Previously, it was recorded that the expression of Keratin 7 is a suitable indictor for the formation of hair follicles at the anagen onset stage (Misago and Narisawa, 2002). Also, it was reported that Keratin 16 initially localizes within early hair germs, suggesting that Keratin 16 indicates cells in a transition state of cellular properties resilient enough to provide the structural integrity required of the early suprabasal layers in the context of hair follicle development (Bernot et al., 2002). Taken together with our results from both overexpression (Fig. 2d) and siRNA interference (Fig. 2e) experiments of circRNA-0100 in SHF-SCs (Fig. 2d and e), it can be inferred that circRNA-1926 may be implicated in contributing to the differentiation of SHF-SCs into hair cells. However, both overexpression and knockdown of circRNA-0100 have no effect on the expression of its host gene: CHD9 in SHF-SCs (Fig. 2g), which suggests that the host gene CHD9 of circRNA-0100 appears not to be implicated in the contributing effects of circRNA-0100 on the differentiation event of SHF-SCs into hair lineages in cashmere goats. Moreover, based on bioinformatics analysis, we could not find any regulatory relationship among circRNA-0100, miRNA, and Keratins 7 and 16.

3.3 CircRNA-0100 sequesters miR-153-3p and may negatively regulate its transcript in SHF-SCs of cashmere goats

There is evidence that circRNAs can sequester natural miRNAs to prevent them from binding with target mRNAs via acting as an miRNA molecular sponge (Hansen et al., 2013; Guo et al., 2014; Yin et al., 2020). In this study, we found that circRNA-0100 harbored the potential binding sites of five miRNAs, including miR-20b-5p, miR-29a-3p, miR-153-3p, miR-24-3p, and let-7c-3p, which was predicted via bioinformatics analysis (Fig. 3a). Subsequently, a biotin-labeled RNA pull-down analysis was carried out to define which miRNAs were sequestered by circRNA-0100. As shown in Fig. 3b, we firstly verified the significantly higher enrichment of circRNA-0100 in the circR-0100 probe pulled-down pellet compared with the counterpart negative control probe (NC probe). Compared with the counterpart of the NC probe, interestingly, a significantly higher enrichment of miR-153-3p was revealed in the circR-0100 probe pulled-down pellet, but not for miR-20b-5p, miR-29a-3p, miR-24-3p, and let-7c-3p (Fig. 3c). It appears apparent that circRNA-0100 sequesters miR-153-3p in SHF-SCs of cashmere goats via serving as its molecular sponge.

https://aab.copernicus.org/articles/65/55/2022/aab-65-55-2022-f03

Figure 3CircRNA-0100 sequesters miR-153-3p and regulates its expression in SHF-SCs of cashmere goats. (a) The prediction analysis of the binding sites of miR-20b-5p, miR-29a-3p, miR-153-3p, miR-24-3p, and let-7c-3p within circRNA-0100 sequence. (b) Detecting results of circRNA-0100 in the pulled-down pellet by the circR-0100 probe and NC probe. (c) Detecting results in the pulled-down pellet by the circR-0100 probe and NC probe. (d) Detecting results of miR-153-3p in SHF-SCs subjected to treatment with the circRNA-0100 overexpression assay. (e) Detecting results of miR-153-3p in SHF-SCs subjected to treatment with the si-circR-0100 assay. NC probe: biotinylated negative control probe group, circRNA-0100 probe: biotinylated circRNA-0100 probe group, OE-NC: negative control group, OE-circR-0100: overexpression circRNA-0100 groups, si-NC: negative control group, and si-circR-0100: knockdown group of circRNA-0100. The error bar represents the standard deviation within the group. * represents significant difference (P<0.05).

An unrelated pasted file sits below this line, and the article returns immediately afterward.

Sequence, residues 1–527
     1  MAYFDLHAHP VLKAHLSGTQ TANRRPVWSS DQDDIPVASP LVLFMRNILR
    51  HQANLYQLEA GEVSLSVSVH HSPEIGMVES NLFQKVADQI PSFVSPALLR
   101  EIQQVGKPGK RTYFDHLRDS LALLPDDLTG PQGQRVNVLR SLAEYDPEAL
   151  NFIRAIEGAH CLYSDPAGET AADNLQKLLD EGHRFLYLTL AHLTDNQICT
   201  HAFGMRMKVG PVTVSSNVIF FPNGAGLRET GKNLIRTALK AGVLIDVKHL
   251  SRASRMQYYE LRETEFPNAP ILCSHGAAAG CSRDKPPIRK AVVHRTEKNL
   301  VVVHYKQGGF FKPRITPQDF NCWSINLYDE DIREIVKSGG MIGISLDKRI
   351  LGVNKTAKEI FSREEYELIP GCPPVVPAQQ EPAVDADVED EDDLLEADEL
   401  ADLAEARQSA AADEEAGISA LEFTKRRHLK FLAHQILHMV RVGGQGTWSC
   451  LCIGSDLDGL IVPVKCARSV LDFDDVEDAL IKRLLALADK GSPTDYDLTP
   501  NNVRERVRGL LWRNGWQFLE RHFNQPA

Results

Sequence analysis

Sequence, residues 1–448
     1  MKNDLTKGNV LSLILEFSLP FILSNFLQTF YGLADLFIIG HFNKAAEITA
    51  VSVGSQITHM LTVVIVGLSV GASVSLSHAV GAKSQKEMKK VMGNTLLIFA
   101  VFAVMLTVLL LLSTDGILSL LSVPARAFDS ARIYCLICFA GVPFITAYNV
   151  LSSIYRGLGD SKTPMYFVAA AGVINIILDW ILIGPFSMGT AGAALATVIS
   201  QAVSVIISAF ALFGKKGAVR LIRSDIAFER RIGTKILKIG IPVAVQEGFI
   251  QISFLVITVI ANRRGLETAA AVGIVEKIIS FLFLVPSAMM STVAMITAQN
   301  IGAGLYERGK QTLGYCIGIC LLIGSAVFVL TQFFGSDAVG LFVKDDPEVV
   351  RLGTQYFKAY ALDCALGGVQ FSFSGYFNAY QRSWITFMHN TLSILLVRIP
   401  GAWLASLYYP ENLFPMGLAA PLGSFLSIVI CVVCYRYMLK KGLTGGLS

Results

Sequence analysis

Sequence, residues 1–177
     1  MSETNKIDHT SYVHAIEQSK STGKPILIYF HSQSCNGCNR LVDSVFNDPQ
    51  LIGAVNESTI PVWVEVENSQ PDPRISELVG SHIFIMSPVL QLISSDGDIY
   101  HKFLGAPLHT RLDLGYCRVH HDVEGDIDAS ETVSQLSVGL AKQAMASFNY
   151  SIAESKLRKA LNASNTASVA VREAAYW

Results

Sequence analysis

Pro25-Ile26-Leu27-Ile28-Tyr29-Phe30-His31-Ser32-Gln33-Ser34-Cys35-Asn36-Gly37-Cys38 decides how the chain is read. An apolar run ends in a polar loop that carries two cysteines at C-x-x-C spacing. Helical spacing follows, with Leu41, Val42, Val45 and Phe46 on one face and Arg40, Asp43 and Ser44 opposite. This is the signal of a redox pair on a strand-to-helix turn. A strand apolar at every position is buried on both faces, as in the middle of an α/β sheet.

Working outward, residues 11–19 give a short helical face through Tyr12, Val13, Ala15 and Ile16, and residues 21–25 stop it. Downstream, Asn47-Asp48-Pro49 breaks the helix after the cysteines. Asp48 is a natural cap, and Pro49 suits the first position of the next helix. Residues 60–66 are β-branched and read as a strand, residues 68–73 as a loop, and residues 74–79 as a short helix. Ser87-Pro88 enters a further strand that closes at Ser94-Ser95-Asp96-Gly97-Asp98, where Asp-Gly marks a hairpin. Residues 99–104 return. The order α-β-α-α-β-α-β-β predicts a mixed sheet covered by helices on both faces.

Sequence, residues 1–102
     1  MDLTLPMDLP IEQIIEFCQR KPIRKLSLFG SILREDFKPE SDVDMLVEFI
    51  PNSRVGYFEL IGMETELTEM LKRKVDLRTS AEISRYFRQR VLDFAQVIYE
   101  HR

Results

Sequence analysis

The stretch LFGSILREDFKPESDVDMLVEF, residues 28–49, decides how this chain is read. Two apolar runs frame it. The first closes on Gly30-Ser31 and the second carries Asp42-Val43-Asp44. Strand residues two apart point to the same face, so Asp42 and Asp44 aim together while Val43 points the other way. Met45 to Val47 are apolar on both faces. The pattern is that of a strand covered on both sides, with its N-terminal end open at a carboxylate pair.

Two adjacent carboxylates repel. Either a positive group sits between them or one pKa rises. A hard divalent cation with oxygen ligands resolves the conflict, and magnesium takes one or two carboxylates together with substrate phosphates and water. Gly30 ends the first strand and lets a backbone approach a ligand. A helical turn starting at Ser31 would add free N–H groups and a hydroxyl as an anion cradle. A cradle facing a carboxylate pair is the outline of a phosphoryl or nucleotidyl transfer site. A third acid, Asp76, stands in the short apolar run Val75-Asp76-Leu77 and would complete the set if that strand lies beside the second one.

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Also, we found that the overexpression of circRNA-0100 led to a significant decrease in miR-153-3p in SHF-SCs (Fig. 3d), whereas the knockdown of circRNA-0100 led to a significant increase in miR-153-3p in SHF-SCs (Fig. 3e). However, either the overexpression or knockdown of miR-153-3p did not lead to a significant change in the expression of circRNA-0100 in SHF-SCs (data not shown). These results suggest that circRNA-0100 may regulate the transcription of miR-153-3p in SHF-SCs, although we did not perform an expression correlation analysis between circRNA-0100 and miR-153-3p in SHF-SCs. A highly similar mode of regulation was also reported in research on invasion and metastasis of colorectal cancer; circLONP2 was found to sequester miR-17 and regulate its expression to enhance the invasiveness of colorectal carcinoma cells (Han et al., 2020). Also, in a recent investigation, we found that circRNA-1926 directly combined with miR-148a/b-3p regulated their expression (Yin et al., 2020).

From a functional point of view, to date, it was thought that circRNA may play roles through multiple pathways and mechanisms, such as acting as molecular sponges of miRNAs (Hansen et al., 2013), RNA transport (Ashwal-Fluss et al., 2014), and protein translation (Huang and Shan, 2015). Here, we demonstrated that circRNA-0100 directly combined with miR-153-3p (Fig. 3c) negatively regulated its expression in SHF-SCs of cashmere goats (Fig. 3d and e). However, the resting biological significance of circRNA-0100 in SHF-SCs of cashmere goats needs to be further investigated, such as its potential roles in pluripotency and/or stem maintenance, as well as activation and proliferation of SHF-SCs of cashmere goats.

3.4 CircRNA-0100 upregulates the expression of KLF5 but not via modifying the methylation degree of its prompter